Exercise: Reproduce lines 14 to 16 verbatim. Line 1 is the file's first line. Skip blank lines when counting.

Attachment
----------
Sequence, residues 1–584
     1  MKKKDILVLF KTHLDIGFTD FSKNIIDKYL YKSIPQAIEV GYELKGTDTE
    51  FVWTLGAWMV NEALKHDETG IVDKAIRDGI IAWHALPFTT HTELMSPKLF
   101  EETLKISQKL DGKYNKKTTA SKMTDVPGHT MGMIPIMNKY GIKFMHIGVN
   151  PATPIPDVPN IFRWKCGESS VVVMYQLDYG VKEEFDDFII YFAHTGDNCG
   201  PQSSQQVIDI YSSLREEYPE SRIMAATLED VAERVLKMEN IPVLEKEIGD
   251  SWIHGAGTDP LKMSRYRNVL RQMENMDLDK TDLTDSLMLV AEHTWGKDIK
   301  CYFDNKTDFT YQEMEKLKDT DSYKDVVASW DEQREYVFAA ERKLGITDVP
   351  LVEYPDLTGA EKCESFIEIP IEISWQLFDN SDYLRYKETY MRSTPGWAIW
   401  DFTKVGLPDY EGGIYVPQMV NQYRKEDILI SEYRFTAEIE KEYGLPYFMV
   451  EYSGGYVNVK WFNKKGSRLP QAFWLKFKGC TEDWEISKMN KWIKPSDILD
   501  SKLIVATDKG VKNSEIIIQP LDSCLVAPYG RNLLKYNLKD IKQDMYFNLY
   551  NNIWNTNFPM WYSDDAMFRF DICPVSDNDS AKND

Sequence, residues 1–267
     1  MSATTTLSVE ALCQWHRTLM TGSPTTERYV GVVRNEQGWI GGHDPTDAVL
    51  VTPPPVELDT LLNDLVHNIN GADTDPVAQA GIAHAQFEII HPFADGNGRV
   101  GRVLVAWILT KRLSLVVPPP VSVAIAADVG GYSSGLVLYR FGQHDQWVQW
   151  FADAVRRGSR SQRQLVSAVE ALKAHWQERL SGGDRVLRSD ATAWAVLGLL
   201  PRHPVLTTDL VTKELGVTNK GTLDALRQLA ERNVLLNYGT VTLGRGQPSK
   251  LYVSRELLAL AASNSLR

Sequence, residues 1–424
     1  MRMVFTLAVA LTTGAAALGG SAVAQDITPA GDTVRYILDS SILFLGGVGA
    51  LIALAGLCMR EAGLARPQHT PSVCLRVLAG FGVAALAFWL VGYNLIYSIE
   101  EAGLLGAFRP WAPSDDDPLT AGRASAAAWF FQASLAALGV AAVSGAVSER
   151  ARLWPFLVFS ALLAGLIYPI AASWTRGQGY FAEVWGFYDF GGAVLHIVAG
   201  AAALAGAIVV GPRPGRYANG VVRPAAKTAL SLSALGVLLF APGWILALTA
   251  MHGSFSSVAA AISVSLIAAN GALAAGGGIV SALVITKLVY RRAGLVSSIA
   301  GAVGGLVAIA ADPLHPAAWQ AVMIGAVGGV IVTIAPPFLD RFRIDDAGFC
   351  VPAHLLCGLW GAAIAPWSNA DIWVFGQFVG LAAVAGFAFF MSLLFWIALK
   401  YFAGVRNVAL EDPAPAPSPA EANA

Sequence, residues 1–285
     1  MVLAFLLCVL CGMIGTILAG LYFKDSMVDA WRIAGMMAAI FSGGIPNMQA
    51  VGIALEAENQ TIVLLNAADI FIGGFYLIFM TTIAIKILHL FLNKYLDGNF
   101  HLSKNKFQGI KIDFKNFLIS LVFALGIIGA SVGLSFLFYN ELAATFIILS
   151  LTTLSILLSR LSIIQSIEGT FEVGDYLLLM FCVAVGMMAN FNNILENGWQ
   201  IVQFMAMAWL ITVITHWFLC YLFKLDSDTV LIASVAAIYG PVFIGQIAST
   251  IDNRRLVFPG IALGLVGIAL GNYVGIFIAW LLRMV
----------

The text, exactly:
Sequence, residues 1–267
     1  MSATTTLSVE ALCQWHRTLM TGSPTTERYV GVVRNEQGWI GGHDPTDAVL
    51  VTPPPVELDT LLNDLVHNIN GADTDPVAQA GIAHAQFEII HPFADGNGRV